So much so, that after we loaded back up and stopped after about 2 hours, she was quite grumpy and refused all treats. I'm sorry girl, we weren't done yet. There were several hours to go! At the next, and final stop before the barn, Mia was back to her perky self and had resigned herself to the fact we were still hauling with no end in sight. I gave her carrots at every stop and the single apple (she still refuses to eat them after I stuffed bute in them one time. Years ago.) to help keep her hydrated since she refuses to drink when off property. I even tried one of the hydration packs that you drop in the water. At the 10 hour hauling mark, she took 2 tiny sips of water before being highly offended I would offer such a thing and refused to drink more water or the flavored water. 

My own tack closet!

We made it to our new place without any drama or problems and while it was a long 11+ hour drive, everything went perfectly. Mia unloaded without any issues, she has had no heat, swelling, or lameness. Her body soreness went away after 2 days of stretching and we have ridden all but 2 days since our arrival. There is a lot of fitness that is needed on both of our parts to get back into show shape, but we are on our way and I think we both have the drive and desire. When I rode in the indoor for the first time, jumps were set up and she was a bit excited and tried sneak in a jump despite that fact it was 3' high. We need to work up to that Mia, no blow ligaments allowed!

A relaxing trail ride to welcome us back to MI

Let's keep our fingers crossed that Mia stays sound, happy, and I can keep carving time out to keep training. I would love to show before the end of the year, and I really want to go XC schooling before then too! My last real schooling and show was the fall of 2019, that was so long ago and I am looking for new adventures.

Thursday, May 26, 2022

Relocation progress also means little riding

 What a whirlwind of the past 30 days. What has happened? 

1. Went house hunting
2. Got an offer accepted on a house
3. Drove to MI and back in a single weekend - 20 hours round trip
4. Went on a group trail ride at the new barn and met new friends
5. Became increasing frustrated at the inability to find a barn in MI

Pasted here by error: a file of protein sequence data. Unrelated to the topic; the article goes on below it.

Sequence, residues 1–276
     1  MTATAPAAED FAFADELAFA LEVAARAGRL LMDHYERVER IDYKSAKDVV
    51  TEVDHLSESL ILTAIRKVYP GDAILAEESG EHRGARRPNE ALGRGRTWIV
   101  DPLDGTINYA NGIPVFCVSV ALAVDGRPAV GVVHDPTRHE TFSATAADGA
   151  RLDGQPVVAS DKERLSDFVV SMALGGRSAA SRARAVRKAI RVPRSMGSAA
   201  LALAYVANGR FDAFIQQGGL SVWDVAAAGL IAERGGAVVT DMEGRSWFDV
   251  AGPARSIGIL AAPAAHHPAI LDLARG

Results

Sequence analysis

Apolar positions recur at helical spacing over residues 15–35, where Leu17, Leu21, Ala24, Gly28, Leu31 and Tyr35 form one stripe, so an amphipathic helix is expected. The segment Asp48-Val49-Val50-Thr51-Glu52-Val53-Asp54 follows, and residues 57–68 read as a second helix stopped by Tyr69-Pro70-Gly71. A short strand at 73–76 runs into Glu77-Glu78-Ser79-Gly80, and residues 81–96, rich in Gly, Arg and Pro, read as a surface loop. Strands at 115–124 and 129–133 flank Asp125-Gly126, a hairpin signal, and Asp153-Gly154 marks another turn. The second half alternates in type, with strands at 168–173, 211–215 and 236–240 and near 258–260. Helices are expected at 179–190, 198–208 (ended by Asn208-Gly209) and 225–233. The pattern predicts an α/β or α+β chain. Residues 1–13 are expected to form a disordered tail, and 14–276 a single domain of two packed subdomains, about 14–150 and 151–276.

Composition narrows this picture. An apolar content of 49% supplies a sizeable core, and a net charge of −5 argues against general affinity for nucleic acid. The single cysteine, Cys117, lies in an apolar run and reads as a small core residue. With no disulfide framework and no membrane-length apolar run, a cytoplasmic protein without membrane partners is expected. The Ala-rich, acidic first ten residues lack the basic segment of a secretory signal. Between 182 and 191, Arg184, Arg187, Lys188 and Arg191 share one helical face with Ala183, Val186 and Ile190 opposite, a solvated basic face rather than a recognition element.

6. Found some new barn options and are going to go barn visiting this weekend
7. Prep our PA house in prep for putting it on market ie. so much painting, flooring, etc
8. Continue to work my full time job

Somewhere in there I am supposed to find time to ride Mia, it is hard! I have in fact been able to ride though, and it has been good. We have done a lot of trail riding with hills but we have also been doing some arena work to build up both of our stamina and I think it is paying off. I did find a friend in a newer rider who has confidence issues and she has thoroughly enjoyed my helping her. Within 3 rides, she was confident enough to ride down the driveway by herself and was all smiles when she got back. She told me I should consider teaching lessons lol. Been there, done that! I do enjoy it, but I don't have the insurance anymore and I am only really good with beginners. 

Today when I went to the barn, a small jump grid was set up. Do I want to go over it? You bet your bit I do! I have been riding almost exclusively in a halter and bareback pad this past month because my time is so limited and we aren't DOING much, but I threw a bridle on and decided today was a work day. Mia was quite content to do some dressage and engagement work until we went over the jump, after the jump she decided she wanted to ONLY jump we had to have a discussion over my being a driver vs a passenger.

Jumps make happy mares

Her being "bad", though, is so minor in comparison to other horses so I can't be too upset. She never tried to get me off, bolt, or be super naughty. She just really wanted to go and jump and needed to be reminded to do things like wait for the jump, not veer to a jump, and go the speed/gait asked for. She really is the best mare.

I am hopeful that once I get to Michigan I can get my saddles re-fitted to Mia so we can do even more work, one certainly isn't allowed to show without a saddle. Bareback is really helping my strength though, I impressed myself at how well I was able to manage this ride. Maybe I will be able to get to a show before the end of the year after all!